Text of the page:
White Sands National Park offers its visitors views of the world’s largest gypsum dune field with plants and animals unique to this habitat. The park is home to more than 800 animal species, including over 200 species of birds to watch. If you are lucky, you can even see an African oryx, a large antelope native to the Kalahari Desert; introduced to the areas adjacent to the park in 1970s.
Adirondack Park is one of the largest parks in the U.S.; in fact, it covers an area equivalent to the state of Vermont. Visitors can stroll around charming villages and quaint towns when they are not exploring the nature. Hiking, paddling, fishing and climbing are some of the more popular activities visitors of the park enjoy.
Great Smoky Mountains National Park is America’s most visited national park, and offers visitors a diverse ecosystem. You can run into many of the over 100 native tree species during your hike through the ancient mountains.
Theodore Roosevelt National Park impresses its visitors with breathtaking views of the Badlands and the iconic animals such as the American bison, big horn sheep and elk. The park is a special spot for many natural parks lovers, since it was named after Theodore Roosevelt, the 26th president of the United States and often called "the conservation president."
Cuyahoga Valley National Park is famous for the Towpath Trail, where visitors can hike, bike or even ride a horse through it. The trail follows the historic route of the Ohio and Erie Canal, which opened Ohio to the rest of the settled eastern United States in 1830s.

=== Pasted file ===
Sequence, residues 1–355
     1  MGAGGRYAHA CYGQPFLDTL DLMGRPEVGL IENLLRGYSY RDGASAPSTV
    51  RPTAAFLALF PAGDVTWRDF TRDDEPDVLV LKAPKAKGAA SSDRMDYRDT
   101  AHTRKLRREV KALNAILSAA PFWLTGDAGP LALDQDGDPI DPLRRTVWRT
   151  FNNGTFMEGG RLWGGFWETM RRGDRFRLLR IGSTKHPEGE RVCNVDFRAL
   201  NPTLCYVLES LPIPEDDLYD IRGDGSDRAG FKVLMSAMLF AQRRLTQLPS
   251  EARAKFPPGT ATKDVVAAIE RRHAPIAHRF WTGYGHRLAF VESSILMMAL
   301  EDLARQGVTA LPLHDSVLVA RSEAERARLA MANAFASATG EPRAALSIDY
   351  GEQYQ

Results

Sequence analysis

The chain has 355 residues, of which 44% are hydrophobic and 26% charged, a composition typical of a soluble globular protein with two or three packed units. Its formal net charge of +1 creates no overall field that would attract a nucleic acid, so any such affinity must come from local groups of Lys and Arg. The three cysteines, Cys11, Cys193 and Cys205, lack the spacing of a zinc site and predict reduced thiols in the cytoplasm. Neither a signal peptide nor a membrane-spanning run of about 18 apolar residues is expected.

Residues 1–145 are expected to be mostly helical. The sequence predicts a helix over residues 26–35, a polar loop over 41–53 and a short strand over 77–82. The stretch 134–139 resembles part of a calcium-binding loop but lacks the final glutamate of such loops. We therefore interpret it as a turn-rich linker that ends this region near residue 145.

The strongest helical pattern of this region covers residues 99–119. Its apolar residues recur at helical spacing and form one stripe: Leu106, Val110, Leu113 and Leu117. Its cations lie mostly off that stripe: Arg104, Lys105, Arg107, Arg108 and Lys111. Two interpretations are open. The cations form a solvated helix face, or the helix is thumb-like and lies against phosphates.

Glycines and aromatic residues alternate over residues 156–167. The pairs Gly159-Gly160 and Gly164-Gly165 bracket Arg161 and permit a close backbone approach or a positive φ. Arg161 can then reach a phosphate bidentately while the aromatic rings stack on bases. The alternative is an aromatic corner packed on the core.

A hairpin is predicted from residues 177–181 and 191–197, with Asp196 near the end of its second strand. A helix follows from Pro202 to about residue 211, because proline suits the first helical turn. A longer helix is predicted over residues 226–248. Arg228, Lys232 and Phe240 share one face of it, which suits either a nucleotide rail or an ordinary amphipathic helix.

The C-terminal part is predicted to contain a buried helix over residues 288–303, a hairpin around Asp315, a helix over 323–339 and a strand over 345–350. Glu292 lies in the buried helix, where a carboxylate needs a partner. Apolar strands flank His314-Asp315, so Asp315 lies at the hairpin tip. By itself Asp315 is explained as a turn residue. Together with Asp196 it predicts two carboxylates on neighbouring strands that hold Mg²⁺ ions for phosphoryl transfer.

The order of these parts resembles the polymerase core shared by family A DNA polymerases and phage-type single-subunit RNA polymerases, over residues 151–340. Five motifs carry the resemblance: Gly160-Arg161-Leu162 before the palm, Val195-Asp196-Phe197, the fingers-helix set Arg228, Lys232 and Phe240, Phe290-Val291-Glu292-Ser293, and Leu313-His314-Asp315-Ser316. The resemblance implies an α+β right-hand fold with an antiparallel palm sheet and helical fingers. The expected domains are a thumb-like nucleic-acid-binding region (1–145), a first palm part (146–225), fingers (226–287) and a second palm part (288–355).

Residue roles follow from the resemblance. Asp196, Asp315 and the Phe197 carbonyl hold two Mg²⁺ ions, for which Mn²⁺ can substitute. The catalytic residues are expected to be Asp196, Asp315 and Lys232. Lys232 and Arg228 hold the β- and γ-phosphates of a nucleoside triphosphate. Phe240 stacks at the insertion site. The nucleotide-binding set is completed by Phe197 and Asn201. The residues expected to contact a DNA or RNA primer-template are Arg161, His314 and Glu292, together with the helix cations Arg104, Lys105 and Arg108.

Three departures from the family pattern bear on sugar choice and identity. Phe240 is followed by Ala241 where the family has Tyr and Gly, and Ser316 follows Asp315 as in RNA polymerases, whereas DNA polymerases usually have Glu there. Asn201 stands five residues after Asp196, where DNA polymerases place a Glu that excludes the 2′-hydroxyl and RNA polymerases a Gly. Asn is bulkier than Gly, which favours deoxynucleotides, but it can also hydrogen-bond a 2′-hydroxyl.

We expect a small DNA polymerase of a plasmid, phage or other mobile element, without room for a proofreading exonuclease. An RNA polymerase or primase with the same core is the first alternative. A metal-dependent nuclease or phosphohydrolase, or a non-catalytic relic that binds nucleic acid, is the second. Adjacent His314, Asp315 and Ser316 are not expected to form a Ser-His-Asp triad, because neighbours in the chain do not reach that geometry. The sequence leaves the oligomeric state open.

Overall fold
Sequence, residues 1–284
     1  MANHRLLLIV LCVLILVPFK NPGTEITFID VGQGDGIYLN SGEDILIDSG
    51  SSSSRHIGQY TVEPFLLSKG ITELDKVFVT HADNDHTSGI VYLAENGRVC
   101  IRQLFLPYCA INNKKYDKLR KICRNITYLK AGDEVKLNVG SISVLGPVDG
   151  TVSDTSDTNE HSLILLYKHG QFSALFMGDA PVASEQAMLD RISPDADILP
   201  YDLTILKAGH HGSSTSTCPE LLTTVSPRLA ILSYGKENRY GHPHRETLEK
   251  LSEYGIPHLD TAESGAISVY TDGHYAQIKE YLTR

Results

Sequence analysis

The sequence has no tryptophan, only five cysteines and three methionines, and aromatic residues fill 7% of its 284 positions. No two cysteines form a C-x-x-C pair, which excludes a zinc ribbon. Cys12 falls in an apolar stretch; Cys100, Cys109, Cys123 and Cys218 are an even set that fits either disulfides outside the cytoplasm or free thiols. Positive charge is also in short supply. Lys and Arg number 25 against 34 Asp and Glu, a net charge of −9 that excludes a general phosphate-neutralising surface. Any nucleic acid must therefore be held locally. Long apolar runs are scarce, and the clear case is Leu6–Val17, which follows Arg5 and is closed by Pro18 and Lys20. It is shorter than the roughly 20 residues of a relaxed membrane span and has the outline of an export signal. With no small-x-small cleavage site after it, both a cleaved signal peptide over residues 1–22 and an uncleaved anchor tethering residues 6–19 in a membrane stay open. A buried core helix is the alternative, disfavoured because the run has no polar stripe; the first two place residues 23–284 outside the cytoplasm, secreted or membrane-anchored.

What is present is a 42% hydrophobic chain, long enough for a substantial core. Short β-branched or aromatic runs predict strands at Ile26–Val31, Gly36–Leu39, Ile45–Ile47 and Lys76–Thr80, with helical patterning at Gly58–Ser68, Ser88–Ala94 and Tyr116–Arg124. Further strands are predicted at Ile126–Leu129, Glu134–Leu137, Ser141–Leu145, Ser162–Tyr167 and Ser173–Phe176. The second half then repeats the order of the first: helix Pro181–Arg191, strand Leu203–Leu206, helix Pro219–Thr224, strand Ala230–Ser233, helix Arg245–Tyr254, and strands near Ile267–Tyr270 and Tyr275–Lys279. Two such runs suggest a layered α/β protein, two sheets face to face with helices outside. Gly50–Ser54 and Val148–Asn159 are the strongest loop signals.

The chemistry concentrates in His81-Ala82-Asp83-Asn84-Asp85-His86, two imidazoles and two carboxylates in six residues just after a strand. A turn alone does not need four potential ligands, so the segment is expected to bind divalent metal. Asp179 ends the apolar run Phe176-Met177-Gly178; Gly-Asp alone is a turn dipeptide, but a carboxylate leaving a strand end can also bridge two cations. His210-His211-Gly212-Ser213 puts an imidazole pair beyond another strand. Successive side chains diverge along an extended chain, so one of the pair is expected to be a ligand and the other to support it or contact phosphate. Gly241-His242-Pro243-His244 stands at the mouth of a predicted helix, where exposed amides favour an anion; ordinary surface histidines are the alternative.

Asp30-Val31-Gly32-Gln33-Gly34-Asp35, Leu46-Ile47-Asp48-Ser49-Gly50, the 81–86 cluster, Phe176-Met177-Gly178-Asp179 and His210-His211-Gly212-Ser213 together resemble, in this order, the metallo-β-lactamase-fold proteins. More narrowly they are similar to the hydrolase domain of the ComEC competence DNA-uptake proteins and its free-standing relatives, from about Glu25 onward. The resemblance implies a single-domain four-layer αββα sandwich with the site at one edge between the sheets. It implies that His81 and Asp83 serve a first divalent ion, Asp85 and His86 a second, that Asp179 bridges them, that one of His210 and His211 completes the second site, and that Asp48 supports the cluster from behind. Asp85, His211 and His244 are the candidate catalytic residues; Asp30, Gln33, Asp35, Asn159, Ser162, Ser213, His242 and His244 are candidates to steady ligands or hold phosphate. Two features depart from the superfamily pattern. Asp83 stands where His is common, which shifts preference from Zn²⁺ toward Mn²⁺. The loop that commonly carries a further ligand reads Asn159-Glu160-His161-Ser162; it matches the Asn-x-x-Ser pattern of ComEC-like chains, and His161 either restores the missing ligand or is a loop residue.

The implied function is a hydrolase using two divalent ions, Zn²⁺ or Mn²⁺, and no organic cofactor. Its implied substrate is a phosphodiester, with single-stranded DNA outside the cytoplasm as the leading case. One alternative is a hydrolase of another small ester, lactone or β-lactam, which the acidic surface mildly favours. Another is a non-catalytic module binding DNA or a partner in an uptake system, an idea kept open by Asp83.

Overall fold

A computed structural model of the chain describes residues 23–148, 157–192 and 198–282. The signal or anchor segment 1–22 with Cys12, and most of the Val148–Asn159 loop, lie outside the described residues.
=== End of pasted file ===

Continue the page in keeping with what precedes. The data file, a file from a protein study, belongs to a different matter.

Chickasaw National Recreation Area is a water-lover’s heaven. Visitors can spend time boating, fishing and swimming. Moreover, the park offers great bird watching opportunities, as it is in the Central migratory flyway.
Crater Lake National Park is located atop the Cascade Mountain Range and offers its visitors stunning views of the deepest lake in the U.S. The lake is located at a tall peak and the purity of its water is due to being fed only by rain and snow.
Ricketts Glen State Park boasts many waterfalls including the 94-foot Ganoga Falls, accessible through the Falls Trail System. Lake Jean offers visitors opportunities for fishing, swimming boating and relaxing on the beach.
Burlingame State Park offers its visitors a mix of terrains including the woodland, freshwater beach and the Watchaug Pond. A range of activities including mountain biking, fishing, swimming and canoeing are available for visitors.
Congaree National Park is one of the newest national parks and a great place to experience a floodplain forest. It offers visitors a nourishing ecosystem fed by nutrients and sediments brought by Congaree and Wateree Rivers. Visitors can experience the wilderness through fishing, canoeing, hiking or camping.
Badlands National Park contains one of the world’s richest fossil beds. Moreover, you don’t need to be a paleontologist to enjoy your time around the fossils. In fact, a seven-year-old from Georgia found a rare museum-quality saber tooth cat skull at Badlands in 2010.
Roan Mountain State Park bring together rich hardwood forests, the beautiful Doe River and the majestic Roan Mountain. Visitors have activities ranging from hiking along the creeks and ridges, and mountain biking to fishing for three species of trout on the Doe River.